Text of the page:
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Florida Rx association challenges state mail-order plan
January 26th, 2011
TALLAHASSEE, Fla. – The Florida Pharmacy Association has filed a complaint claiming the state is unconstitutionally attempting to direct Medicaid recipients with chronic diseases to get their maintenance medications via a mail-order pharmacy program.
In a complaint filed last week in the Circuit Court for Leon County, Fla., the association and member pharmacy The Prescription Place of Defuniak Springs, Fla., allege that Florida's Agency for Health Care Administration "illegally attempts to steer well over 50% of the state's chronically ill Medicaid patients away from their local pharmacies and into a single mail-order pharmacy."
The legal action focuses on a provision in 2010 state budget legislation calling for the agency to issue an "invitation to negotiate" with pharmacy providers to offer mail-order delivery services to Medicaid patients with such chronic conditions as congestive heart failure, HIV/AIDS, end-state renal disease and cancer, with the goal of helping those patients secure their prescription drugs and reducing Medicaid program costs.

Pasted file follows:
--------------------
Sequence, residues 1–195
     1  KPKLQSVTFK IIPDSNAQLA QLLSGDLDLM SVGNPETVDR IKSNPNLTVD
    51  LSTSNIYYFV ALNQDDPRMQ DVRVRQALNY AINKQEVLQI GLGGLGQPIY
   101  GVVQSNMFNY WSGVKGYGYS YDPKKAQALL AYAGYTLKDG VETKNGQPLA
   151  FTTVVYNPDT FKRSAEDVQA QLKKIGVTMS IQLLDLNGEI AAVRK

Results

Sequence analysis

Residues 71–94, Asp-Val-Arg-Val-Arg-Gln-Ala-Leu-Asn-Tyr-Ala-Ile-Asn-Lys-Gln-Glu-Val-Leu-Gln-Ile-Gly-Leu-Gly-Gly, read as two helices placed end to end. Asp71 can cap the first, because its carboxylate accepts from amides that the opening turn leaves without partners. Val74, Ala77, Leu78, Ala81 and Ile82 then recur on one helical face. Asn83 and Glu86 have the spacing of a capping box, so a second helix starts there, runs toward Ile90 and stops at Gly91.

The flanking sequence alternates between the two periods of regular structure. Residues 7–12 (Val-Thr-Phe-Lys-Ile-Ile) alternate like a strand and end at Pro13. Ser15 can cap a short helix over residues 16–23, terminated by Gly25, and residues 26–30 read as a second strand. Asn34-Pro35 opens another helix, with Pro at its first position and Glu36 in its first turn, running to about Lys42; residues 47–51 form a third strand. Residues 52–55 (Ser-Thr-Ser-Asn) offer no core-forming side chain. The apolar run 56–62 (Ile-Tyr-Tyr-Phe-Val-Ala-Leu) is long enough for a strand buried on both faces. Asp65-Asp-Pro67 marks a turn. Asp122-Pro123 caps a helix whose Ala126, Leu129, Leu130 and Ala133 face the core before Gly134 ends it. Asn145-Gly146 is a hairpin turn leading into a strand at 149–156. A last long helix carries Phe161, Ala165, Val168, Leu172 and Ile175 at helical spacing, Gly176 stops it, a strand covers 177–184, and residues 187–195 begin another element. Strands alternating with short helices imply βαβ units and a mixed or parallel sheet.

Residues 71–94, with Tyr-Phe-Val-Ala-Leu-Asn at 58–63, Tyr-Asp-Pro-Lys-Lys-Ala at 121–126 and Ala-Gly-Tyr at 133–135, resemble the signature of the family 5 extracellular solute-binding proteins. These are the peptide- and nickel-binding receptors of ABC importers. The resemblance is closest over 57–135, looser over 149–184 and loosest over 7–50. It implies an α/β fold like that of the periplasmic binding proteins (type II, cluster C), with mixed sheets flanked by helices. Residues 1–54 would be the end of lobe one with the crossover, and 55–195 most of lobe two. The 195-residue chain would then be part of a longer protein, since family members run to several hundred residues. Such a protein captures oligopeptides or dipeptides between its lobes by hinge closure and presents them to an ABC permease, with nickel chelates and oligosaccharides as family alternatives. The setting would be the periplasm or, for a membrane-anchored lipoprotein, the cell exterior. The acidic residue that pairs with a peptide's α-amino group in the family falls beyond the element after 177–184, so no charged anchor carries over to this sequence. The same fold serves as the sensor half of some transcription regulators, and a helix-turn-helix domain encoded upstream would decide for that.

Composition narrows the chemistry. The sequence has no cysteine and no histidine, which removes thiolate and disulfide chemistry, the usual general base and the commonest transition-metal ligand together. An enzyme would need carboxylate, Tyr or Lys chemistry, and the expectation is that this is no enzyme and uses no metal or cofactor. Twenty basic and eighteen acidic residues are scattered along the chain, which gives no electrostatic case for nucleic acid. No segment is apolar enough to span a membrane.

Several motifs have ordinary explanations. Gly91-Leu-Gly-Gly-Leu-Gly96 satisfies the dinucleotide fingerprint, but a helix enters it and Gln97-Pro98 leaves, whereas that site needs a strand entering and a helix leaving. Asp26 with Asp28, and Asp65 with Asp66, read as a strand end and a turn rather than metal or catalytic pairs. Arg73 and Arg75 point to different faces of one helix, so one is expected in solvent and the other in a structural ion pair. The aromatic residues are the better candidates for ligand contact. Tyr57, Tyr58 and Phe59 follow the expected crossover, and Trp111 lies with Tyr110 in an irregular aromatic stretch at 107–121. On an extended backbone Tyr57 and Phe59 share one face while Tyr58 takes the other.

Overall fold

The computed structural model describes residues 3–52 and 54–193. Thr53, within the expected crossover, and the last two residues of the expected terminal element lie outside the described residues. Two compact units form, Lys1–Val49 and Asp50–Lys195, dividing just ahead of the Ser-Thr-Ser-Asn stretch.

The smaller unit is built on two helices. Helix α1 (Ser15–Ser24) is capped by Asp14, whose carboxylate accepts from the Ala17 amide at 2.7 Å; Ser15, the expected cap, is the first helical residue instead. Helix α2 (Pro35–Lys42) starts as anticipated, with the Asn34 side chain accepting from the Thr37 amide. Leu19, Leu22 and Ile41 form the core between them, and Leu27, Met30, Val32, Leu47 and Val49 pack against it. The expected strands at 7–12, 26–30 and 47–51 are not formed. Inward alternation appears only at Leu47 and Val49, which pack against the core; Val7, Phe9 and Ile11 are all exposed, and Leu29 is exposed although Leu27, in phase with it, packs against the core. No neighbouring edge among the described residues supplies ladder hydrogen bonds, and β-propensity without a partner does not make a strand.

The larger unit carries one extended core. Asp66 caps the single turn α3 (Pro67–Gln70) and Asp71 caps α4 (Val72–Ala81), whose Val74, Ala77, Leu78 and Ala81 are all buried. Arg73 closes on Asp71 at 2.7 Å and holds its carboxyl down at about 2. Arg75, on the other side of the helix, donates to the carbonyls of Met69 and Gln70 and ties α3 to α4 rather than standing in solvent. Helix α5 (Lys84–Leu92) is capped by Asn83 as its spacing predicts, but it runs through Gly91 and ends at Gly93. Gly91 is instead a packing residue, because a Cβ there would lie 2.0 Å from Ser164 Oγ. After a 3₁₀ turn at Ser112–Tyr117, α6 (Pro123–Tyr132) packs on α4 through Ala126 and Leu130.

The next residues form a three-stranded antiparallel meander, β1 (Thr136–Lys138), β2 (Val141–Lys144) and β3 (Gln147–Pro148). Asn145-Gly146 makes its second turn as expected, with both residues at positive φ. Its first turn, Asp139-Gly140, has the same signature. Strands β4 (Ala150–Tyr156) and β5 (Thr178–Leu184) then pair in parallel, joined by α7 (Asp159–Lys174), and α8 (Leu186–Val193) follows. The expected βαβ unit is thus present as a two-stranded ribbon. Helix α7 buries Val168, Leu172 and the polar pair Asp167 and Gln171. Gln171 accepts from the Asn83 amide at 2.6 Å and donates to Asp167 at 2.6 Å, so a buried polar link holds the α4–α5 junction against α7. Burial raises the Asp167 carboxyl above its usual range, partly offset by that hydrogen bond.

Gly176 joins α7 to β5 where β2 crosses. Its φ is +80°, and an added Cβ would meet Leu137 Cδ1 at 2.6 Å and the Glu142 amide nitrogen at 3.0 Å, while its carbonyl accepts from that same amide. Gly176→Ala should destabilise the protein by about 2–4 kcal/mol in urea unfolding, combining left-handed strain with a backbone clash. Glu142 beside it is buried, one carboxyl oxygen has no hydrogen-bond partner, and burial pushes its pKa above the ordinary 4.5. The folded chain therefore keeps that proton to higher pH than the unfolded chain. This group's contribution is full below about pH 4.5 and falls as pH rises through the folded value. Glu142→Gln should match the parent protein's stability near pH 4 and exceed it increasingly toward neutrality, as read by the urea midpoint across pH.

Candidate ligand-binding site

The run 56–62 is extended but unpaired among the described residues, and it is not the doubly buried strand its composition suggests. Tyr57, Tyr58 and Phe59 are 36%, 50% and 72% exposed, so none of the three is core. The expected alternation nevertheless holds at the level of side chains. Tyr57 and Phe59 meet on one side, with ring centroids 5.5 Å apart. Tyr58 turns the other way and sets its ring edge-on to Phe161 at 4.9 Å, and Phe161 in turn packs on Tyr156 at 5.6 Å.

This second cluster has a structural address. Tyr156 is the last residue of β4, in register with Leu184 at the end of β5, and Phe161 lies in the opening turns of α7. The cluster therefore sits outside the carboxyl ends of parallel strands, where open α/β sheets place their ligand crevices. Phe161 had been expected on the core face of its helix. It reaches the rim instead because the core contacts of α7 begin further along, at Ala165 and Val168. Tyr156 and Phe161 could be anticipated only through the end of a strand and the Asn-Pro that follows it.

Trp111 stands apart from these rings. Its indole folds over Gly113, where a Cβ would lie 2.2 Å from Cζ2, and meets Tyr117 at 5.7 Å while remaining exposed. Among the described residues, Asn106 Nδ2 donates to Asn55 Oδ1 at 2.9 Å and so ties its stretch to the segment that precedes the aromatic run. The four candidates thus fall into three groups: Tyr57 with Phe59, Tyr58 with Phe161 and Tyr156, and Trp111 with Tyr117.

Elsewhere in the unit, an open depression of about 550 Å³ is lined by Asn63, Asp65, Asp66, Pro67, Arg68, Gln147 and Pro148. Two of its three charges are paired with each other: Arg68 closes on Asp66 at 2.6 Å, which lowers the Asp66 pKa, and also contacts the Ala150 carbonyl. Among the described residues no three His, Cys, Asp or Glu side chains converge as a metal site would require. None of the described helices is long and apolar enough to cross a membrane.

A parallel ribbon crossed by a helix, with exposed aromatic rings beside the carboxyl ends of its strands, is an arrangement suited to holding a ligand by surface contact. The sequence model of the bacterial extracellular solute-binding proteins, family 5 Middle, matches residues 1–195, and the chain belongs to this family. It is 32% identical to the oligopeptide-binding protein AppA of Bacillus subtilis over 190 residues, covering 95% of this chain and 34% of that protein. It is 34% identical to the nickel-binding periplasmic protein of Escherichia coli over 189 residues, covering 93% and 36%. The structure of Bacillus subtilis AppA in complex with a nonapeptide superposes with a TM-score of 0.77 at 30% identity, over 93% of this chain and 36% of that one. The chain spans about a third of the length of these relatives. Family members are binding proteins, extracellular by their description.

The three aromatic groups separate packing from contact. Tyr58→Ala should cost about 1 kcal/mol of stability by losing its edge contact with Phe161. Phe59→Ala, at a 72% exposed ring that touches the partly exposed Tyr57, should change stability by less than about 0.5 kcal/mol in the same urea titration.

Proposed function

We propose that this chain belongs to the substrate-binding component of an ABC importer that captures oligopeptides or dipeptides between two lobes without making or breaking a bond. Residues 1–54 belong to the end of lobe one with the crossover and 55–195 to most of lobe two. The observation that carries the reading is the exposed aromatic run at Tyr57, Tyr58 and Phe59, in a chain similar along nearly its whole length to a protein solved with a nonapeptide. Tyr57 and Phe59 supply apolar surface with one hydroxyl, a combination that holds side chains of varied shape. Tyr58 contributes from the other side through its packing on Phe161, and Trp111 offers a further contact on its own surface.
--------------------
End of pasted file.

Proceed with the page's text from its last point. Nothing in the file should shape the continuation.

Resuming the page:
According to the court document, the agency will limit the number of mail-order participants to 20,000 statewide. However, the complaint said the agency estimates that 35,000 Medicaid patients in the state would meet the criteria for the mail-order program.
"Thus, the [provision] attempts to route in excess of 50% of the state's chronically ill patients away from their existing local pharmacies and into a mail-order program which, at a minimum, deprives the patients access to a provider having extensive knowledge of their medical conditions and unique clinical problems," the complaint stated, explaining that participants would receive maintenance drugs from the mail-order program and nonmaintenance medications from another pharmacy. "This seriously jeopardizes any real opportunity for the current pharmacist of record to facilitate continuity of care and to review the patient's drug utilizations or therapies or to identify any adverse reactions of one medication with another medication."
The complaint challenges the Agency for Health Care Administration's authority to create a mail-order pharmacy program and claims such a move raises legal questions in the areas of drug therapy management, freedom of choice of health care providers and access to care for state health benefit recipients.
What's more, the plaintiffs contend the plan produces no savings for the state or the patients. "There were no legislative hearings upon the appropriateness of this drastic policy change to the manner in which chronically ill Medicaid recipients receive their maintenance drugs," the court document said. "The question must be asked as to why such was necessary when it does not represent a cost savings to the state [or] Medicaid recipients."